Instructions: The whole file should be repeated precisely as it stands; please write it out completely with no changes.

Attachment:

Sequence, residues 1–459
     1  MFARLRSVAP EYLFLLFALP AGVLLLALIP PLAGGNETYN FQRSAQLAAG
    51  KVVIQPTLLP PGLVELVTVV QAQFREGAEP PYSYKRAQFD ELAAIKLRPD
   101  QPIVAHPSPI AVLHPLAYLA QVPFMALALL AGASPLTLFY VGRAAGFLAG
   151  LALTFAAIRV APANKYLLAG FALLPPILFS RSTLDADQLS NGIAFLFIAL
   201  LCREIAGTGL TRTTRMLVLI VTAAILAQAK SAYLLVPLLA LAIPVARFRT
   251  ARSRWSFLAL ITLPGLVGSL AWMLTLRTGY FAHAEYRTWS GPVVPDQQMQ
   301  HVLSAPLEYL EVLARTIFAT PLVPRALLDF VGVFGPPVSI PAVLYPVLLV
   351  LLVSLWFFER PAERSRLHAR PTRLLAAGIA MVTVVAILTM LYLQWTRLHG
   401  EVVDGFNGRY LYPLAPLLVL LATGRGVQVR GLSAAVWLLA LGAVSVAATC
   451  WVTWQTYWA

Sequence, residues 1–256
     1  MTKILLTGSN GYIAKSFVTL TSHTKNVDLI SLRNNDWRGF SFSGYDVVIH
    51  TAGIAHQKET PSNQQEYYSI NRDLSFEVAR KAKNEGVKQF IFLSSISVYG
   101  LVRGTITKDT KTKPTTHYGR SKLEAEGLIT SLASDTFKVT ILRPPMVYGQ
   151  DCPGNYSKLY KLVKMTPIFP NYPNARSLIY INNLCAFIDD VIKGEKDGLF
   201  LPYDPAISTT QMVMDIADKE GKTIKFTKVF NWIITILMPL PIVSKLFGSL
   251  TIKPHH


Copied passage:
Sequence, residues 1–459
     1  MFARLRSVAP EYLFLLFALP AGVLLLALIP PLAGGNETYN FQRSAQLAAG
    51  KVVIQPTLLP PGLVELVTVV QAQFREGAEP PYSYKRAQFD ELAAIKLRPD
   101  QPIVAHPSPI AVLHPLAYLA QVPFMALALL AGASPLTLFY VGRAAGFLAG
   151  LALTFAAIRV APANKYLLAG FALLPPILFS RSTLDADQLS NGIAFLFIAL
   201  LCREIAGTGL TRTTRMLVLI VTAAILAQAK SAYLLVPLLA LAIPVARFRT
   251  ARSRWSFLAL ITLPGLVGSL AWMLTLRTGY FAHAEYRTWS GPVVPDQQMQ
   301  HVLSAPLEYL EVLARTIFAT PLVPRALLDF VGVFGPPVSI PAVLYPVLLV
   351  LLVSLWFFER PAERSRLHAR PTRLLAAGIA MVTVVAILTM LYLQWTRLHG
   401  EVVDGFNGRY LYPLAPLLVL LATGRGVQVR GLSAAVWLLA LGAVSVAATC
   451  WVTWQTYWA

Sequence, residues 1–256
     1  MTKILLTGSN GYIAKSFVTL TSHTKNVDLI SLRNNDWRGF SFSGYDVVIH
    51  TAGIAHQKET PSNQQEYYSI NRDLSFEVAR KAKNEGVKQF IFLSSISVYG
   101  LVRGTITKDT KTKPTTHYGR SKLEAEGLIT SLASDTFKVT ILRPPMVYGQ
   151  DCPGNYSKLY KLVKMTPIFP NYPNARSLIY INNLCAFIDD VIKGEKDGLF
   201  LPYDPAISTT QMVMDIADKE GKTIKFTKVF NWIITILMPL PIVSKLFGSL
   251  TIKPHH